Stone Walls, a Closer Look

A white haired professor emeritus standing by a stone wall in the woods explaining its origins
Forman explaining the colonial-era origins of a stone wall in Newbury Field, Concord, Massachusetts
Photograph by Nell Porter Brown/Harvard Magazine

New Englanders know them well: the iconic stone walls that border roads, fields, and old farms are easily taken for granted, seemingly as natural as pine forests and babbling brooks. Yet the oldest “stone fences,” as they were once called, were laboriously created to safeguard crops and contain livestock, as Concord, Massachusetts, ecologist Richard T.T. Forman has found out during recent years of serious trail-walking. He’s identified numerous types of these relics, explaining when, why, and how they were constructed in “Deciphering Concord’s Old Stone Walls and What They Indicate,” published by the Concord Land Conservation Trust last year. “Envision the English settlers in Concord coming in 1635 and seeing the forests just covered with these rocks,” he says during a walk through the Newbury Field conservation land. They cleared land for crops and timber but when cows and sheep arrived, sturdy fencing was required. Oxen hauled the glacier-deposited round stones out of the woods on sleds, then people piled them up, from large to small, in practical and pleasing configurations. In Newbury Field, the wall that looms perpendicular to the woodland trail, about a three-minute walk from the entrance, “was for cows because it’s shorter,” says Forman, professor of advanced environmental studies in the field of landscape ecology, emeritus, at Harvard’s Graduate School of Design. “Higher fences were for sheep because they can jump.” He jabs at the humus with a metal rod, hunting for sunken basal stones that farmers likely placed there sometime between 1675 and 1775.

A decorative wall from the 1890s at Nashawtuc Hill
Photograph by Richard T.T. Forman


He’s identified numerous stone structures, from those built for barn and cellar foundations, impounding stray livestock, and altering stream-flows to the “double cultivation” walls featuring a V-shaped trough where farmers tossed small stones that surfaced in freeze-and-thaw cycles. Such industriousness meant that by the 1850s, a dearth of good stones led residents to cannibalize old walls to make new ones, leading to more modern walls made of a jumble of hand- and machine-cut rocks. But a walk through any New England woods grown up on former farmland will still likely reveal stretches of lichen-layered stone of walls, some laid down centuries ago. And those are, he says, “a treasure to discover.”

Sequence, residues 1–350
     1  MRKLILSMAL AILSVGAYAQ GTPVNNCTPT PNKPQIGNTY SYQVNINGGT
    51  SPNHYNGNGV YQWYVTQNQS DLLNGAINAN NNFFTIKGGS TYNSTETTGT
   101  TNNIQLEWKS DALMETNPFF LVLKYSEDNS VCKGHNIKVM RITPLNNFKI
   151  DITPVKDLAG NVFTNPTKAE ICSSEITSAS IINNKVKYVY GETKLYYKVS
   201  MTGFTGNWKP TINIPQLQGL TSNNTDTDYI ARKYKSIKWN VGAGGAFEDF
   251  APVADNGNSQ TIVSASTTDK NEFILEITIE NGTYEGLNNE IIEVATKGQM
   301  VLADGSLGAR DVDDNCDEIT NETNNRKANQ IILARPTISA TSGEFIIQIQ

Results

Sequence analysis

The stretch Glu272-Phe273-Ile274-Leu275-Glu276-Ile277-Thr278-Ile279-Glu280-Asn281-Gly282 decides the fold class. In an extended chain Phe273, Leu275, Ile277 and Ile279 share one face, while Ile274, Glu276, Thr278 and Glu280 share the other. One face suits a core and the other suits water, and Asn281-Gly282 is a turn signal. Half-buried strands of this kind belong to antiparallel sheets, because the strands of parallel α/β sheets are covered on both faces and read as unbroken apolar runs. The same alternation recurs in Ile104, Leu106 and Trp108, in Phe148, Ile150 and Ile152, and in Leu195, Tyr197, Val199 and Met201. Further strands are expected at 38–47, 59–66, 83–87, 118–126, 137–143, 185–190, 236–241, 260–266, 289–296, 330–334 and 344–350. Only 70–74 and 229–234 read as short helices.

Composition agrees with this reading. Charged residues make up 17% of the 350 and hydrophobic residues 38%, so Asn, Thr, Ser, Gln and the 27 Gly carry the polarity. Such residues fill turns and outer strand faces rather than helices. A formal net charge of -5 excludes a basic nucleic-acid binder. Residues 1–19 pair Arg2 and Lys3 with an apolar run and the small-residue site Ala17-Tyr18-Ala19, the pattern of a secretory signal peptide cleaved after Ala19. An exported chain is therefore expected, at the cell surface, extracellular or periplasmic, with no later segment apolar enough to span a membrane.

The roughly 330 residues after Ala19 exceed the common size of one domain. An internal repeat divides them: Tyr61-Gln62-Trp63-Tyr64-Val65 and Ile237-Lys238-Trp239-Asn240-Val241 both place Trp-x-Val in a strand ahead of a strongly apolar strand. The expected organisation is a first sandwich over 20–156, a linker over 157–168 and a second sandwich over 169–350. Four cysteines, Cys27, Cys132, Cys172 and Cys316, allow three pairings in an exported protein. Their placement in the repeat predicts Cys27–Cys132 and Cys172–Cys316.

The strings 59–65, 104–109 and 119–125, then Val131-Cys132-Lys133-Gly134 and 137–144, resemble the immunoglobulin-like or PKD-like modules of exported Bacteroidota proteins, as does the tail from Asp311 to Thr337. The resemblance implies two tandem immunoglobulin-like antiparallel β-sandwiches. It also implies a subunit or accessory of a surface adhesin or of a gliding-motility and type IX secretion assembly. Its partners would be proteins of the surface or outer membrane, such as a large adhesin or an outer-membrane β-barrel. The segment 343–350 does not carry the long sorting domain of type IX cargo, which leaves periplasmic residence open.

Read more articles by: Nell Porter Brown

You might also like

Historic Humor

University Archives to preserve Harvard Lampoon materials

Academia’s Absence from Homelessness

“The lack of dedicated research funding in this area is a major, major problem.”

The Enterprise Research Campus, Part Two

Tishman Speyer signals readiness to pursue approval for second phase of commercial development.  

Most popular

Poise, in Spite of Everything

Nina Skov Jensen ’25, portraitist for collectors and the princess of Denmark. 

Claudine Gay in First Post-Presidency Appearance

At Morning Prayers, speaks of resilience and the unknown

Dominica’s “Bouyon” Star

Musician “Shelly” Alfred’s indigenous Caribbean sound

More to explore

Exploring Political Tribalism and American Politics

Mina Cikara explores how political tribalism feeds the American bipartisan divide.

Private Equity in Medicine and the Quality of Care

Hundreds of U.S. hospitals are owned by private equity firms—does monetizing medicine affect the quality of care?

Construction on Commercial Enterprise Research Campus in Allston

Construction on Harvard’s commercial enterprise research campus and new theater in Allston